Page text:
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A powerful cryptocurrency boom has formed a fundamentally new class of wealthy quasi-celebrities in the global community. Investors and traders who managed in time — at the very first stage of market development — to bet on crypto are now hailed as prophets in the world of finance.
Many of them relentlessly display all the attributes typical of the nouveau riche – people who have experienced sudden wealth – endless parties on yachts, rampant shopping, cool cars, million-dollar NFTs on social media avatars.
Although envy is still not worth it. It is they who today are first of all becoming an easy target for lovers of quick profit. Moreover, we are no longer talking about Internet hacks and digital fraud, but about a real threat to health and life.
There is no reception against scrap?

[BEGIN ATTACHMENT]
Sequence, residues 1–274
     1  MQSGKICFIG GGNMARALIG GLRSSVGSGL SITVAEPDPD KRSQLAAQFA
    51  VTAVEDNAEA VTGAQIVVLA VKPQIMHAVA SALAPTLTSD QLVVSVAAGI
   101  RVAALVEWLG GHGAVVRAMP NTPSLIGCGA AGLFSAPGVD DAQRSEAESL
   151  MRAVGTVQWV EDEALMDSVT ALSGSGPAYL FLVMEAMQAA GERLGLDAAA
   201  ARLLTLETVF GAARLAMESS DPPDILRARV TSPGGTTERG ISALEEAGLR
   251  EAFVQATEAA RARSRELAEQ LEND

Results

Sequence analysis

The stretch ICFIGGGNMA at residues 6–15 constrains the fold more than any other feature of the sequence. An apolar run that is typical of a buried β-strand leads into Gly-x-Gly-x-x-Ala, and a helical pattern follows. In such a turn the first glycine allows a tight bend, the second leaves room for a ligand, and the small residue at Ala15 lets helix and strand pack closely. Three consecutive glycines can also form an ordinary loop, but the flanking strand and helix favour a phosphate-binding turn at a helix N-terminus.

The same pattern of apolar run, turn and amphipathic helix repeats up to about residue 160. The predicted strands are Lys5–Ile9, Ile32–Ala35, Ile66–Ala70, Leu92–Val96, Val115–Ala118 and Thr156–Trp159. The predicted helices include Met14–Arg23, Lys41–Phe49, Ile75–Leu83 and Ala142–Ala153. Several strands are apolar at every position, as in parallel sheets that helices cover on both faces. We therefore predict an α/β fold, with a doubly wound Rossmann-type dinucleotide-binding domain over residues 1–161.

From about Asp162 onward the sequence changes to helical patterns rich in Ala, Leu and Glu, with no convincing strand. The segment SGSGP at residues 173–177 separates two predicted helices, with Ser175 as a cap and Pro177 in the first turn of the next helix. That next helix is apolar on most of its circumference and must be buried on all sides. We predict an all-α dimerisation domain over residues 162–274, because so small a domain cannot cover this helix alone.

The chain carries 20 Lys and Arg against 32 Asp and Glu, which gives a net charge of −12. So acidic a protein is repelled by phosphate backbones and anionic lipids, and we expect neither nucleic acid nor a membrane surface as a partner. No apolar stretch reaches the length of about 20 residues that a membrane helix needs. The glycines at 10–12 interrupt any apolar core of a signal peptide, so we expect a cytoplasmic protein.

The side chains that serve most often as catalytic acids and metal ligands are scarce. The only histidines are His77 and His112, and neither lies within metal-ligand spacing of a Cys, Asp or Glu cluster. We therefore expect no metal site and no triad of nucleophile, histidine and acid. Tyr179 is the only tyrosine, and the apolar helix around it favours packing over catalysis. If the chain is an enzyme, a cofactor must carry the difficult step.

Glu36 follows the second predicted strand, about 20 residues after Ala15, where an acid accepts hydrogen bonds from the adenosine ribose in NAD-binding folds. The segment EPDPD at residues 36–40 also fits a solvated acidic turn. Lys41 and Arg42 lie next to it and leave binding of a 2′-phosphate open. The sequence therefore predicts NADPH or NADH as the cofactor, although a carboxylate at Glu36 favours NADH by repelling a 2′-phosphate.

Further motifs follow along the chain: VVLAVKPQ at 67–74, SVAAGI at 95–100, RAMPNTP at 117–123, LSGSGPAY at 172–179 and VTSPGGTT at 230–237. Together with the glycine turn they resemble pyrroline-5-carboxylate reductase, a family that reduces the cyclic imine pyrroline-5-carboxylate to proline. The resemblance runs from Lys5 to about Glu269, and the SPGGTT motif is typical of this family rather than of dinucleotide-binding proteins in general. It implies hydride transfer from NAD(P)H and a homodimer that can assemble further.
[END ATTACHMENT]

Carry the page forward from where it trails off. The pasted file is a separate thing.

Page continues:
Having created a fairly secure network for storing crypto assets, investors in digital coins and NFTs have clearly forgotten about physical crimes: from banal robberies to armed attacks, kidnappings and even murders.
No super-complex password, encrypted with the latest cryptography, will save you from a well-motivated attacker armed with a gun, knife or an ordinary wrench.
Jameson Lopp, a security specialist and bitcoin “fan”, has been monitoring and accounting for the physical threats received by the owners of cryptocurrencies. Jameson’s interest in this topic is personal. In October 2017, Lopp was attacked: the criminals extorted bitcoins from him, threatening to take his life.
In a short time, he managed to identify more than 100 such incidents. These are just the cases reported in the media. Most likely, not all the victims were ready to draw attention to the situation.
Lopp’s list reads like a textbook on different types of violence:
- during a date, a man was drugged to force him to reveal passwords from digital wallets;
- a fourteen-year-old teenager from England was kidnapped and beaten – immediately after he boasted on social networks of profits from cryptocurrency trading;